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New Risk Loci for Coronary Artery Disease Shed Light on Mechanisms of Progression

NEW YORK (GenomeWeb) – An international research team, led by the University of Cambridge, has discovered 15 new risk loci for coronary artery disease (CAD).

The study, published today in Nature Genetics, adds to the 58 known risk loci for the disease and sheds light on the mechanisms responsible for disease progression. These 15 new risk loci bring the total number of known risk loci associated with CAD to 73.

"Coronary artery disease is a leading cause of morbidity and mortality worldwide," the researchers wrote. "Although 58 genomic regions have been associated with CAD thus far, most of the heritability is unexplained, indicating that additional susceptibility loci await identification."

The team collected samples from 56,309 participants from European (approximately 52 percent), South Asian (approximately 23 percent), East Asian (approximately 17 percent), and African American (approximately 8 percent) ancestry. They then genotyped the samples using Illumina's CardioMetabochip array. The researchers also performed a meta-analysis of results with 194,427 previously genotyped participants (88,192 CAD cases and 162,544 controls) made up of participants from a European ancestry study, and another from all four ancestry groups. They cross-referenced gene expression profiles with expression quantitative trait locus databases, including GTEx, MuTHER, and STARNET.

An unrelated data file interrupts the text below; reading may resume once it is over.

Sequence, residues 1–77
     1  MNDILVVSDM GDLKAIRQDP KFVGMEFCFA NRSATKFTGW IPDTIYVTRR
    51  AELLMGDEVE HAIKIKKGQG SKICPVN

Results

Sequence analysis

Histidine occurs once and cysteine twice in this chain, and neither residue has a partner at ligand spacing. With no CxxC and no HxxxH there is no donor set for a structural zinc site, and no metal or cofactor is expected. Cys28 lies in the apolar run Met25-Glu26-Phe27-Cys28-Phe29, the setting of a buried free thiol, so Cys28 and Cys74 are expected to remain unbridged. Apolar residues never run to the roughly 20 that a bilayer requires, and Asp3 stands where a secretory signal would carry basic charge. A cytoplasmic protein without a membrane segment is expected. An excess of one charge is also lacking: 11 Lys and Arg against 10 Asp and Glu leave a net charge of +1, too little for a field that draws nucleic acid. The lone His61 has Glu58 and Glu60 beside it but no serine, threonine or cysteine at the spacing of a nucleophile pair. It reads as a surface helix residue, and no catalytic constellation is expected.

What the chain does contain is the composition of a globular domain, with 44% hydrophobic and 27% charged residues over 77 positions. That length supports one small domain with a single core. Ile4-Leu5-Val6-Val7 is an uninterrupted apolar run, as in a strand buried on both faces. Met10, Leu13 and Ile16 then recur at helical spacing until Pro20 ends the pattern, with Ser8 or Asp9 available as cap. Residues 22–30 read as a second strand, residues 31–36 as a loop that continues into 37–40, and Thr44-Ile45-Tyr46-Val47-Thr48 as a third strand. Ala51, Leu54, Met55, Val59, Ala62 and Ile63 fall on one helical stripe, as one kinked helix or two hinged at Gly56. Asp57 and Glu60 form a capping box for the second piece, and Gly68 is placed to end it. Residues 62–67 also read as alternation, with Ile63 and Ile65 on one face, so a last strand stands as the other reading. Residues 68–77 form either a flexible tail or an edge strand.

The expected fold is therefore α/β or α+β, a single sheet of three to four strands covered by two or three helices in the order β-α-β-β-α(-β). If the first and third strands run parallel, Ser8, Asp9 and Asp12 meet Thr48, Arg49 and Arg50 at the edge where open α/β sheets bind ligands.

"We identified 25 new SNP-CAD association from 15 genomic regions, including SNPs in or near genes involved in cellular adhesion, leukocyte migration and atherosclerosis, coagulation and inflammation, and vascular smooth muscle cell differentiation," they wrote.

Of these 15 loci, six have been previously associated with known CAD risk factors, such as major lipids (PCNX3, C12orf43-HNF1A, SCARB1, and DHX28) and blood pressure (GOSR2 and PROCR). Five others have previously been associated with genes that encode proteins in smooth muscle cells (LMOD1, SERPINH1, DDX59-CAMSAP2, TNS1, and PECAM1).

The researchers also noted that aside from implicating atherosclerosis and traditional risk factors as mechanisms in the pathobiology of CAD, the findings "highlight the potential importance of biological processes active in the arterial wall involving endothelial, smooth muscle, and white blood cells, and promote coronary atherogenesis."